The conductors 14, 16, and 18 are stripped at their forwardmost ends to permit connection to the contacts '79. The individual shields 22 of these conductors are laced together by ferrules 98, `which are similar in construction to ferrule 8d, and the metallic lacing ltltl which is connected, as is indicated in FIGURE 3, to the core shield 26 under the crimped ferrule 80 in order to maintain each of the conductor shields 22, and the core shield 26, at the same electrical potential, this being necessary in order to prevent any diiference in potential between the individual shields which operates to create noise To connect the cable 16 to the plug 4l); the co-axial cable lil is stripped in the manner shown in FGURE l, and the ferrule Sil, and coupling nut 85, are crimped to the core shield 26, after the shields 22 of the individual conductors have been electrically connected together, as just described, and the conductors 14, 16, 18, are then connected to the contacts 7d. Thereafter, the coupling nut 84 is moved rearwardly while just the threaded half 96, and then the unthreaded half 92 of the sleeve 819, are inserted straight into the annular wall 64 on the body 62. rhe liattened threads on the left-hand end of piece 90, as shown in FEGURE 4, permits the sleeve half to be inserted straight into the annular wall 64 on the body 62 without the necessity for rotating piece 90 to permit this insertion. This is an advantageous feature because without flattening the threads the sleeve half 90' would have to be rotated to threadedly engage it with wall 64 and such rotation Vwould be difficult after the connections between the conductors and the contacts, previously described, have been made. As will be obvious, the threads at both ends of the sleeve 9? could be flattened if piece 90 were to be made by die casting or the like. The coupling nut 84 is next slid forwardly until the threads in the nut 84 engage the threads on the sleeve half 90, the nut 84 then being rotated to threadedly engage the threads on the sleeve half 90. When this threaded connection has been completed, both halves of the sleeve 89 are fixedly maintained between the coupling nut and the annular wall 64. Thereafter, the body 62 of the plug core assembly which has been provided with the snap ring 162 similar to that shown and described in application No. 2,521, is inserted intovthe insert assembly 50. The power conductors 32 have been previously connected to the rearwardly extending portions of the pin contacts 52, thus completing the connection of the Vplug-half 46 of the connector to the co-axial cable 19.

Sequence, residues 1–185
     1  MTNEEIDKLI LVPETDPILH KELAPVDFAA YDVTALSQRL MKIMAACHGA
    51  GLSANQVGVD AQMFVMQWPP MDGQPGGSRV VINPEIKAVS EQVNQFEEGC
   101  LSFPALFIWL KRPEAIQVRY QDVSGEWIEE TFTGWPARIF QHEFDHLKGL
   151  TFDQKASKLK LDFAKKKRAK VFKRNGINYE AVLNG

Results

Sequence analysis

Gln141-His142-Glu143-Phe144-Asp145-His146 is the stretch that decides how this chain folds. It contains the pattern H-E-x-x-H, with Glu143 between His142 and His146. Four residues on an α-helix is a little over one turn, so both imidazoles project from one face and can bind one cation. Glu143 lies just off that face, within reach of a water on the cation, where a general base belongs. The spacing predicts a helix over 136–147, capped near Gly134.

Referring now to the lower portion of FIGURE 3, the receptacle core assembly is identical in all respects to that shown and described in connection with the plug core assembly 53, with the exception that the contacts 104 of the receptacle core assembly 6tlg are formed at their forward end 196, with sockets to receive the forward pin portion 74 of the contacts 70a The sockets 106 are surrounded with a dielectric insert 168 to electrically insulate the forward portion of the contacts 164. Also the forward portion 11h of the receptacle core assembly body is provided with a plurality of axially inwardly extending slots 112, so as to provide a plurality of fingers 114, which are formed at their forward end with enlarged portions 116, to grip the annular wall 66 of the plug core assembly body 62. The remainder of the plug core assembly 60 is identical to the receptacle core assembly 58, and the core contacts 104 are connected to the conductors of the core portion of the co-axial cable in exactly the same manner as above described in connection with the plug-hal t' f 46. `ln like manner, the receptacle core assembly ttlfis/J inserted into the insert assembly in the receptacle-half 42 of the connector by means of the ring 102, as described in application No. 2,521.

FIGURE 4 is a perspective view showing the two halves 96,' 92, of the sleeve 6h.

FIGURE 5 is a view taken looking in the direction of the arrows on line 5--5 of FIGURE 2, showing the receptacle core assembly 66, located centrally in the receptaele-half 42, of the connector wherein the power con.

ductor contacts S4 are arranged in radially and circumferentially spaced relation to the communication conductor contacts 106, carried in the receptacle core assembly 60. Reference numeral 108 indicates cooperable polarizing means formed on the core assemblies 58 and 60 and the insert assemblies 50, respectively, in order to polari-ze the core assemblies with respect to the insert assembly and the other contacts 52, 54 carried by the insert assemblies.

lIt is to be understood that the core contact assemblies 58 and 60 may be separately used if so desired, in which case they would comprise complete connector parts by themselves.

As will be obvious, the amount or length that the cable may be stripped back from the core 12 is limited. This amount of stripping is critical in that the cable cannot be stripped back from the core beyond the point where the cable clamping assembly 44 is to grip the cable 10. This requirement thus limits the space available for connecting the communication conductors to their apppropriate contacts. The split sleeves 89 permit this connection to be made within this limited space.

What I claim is: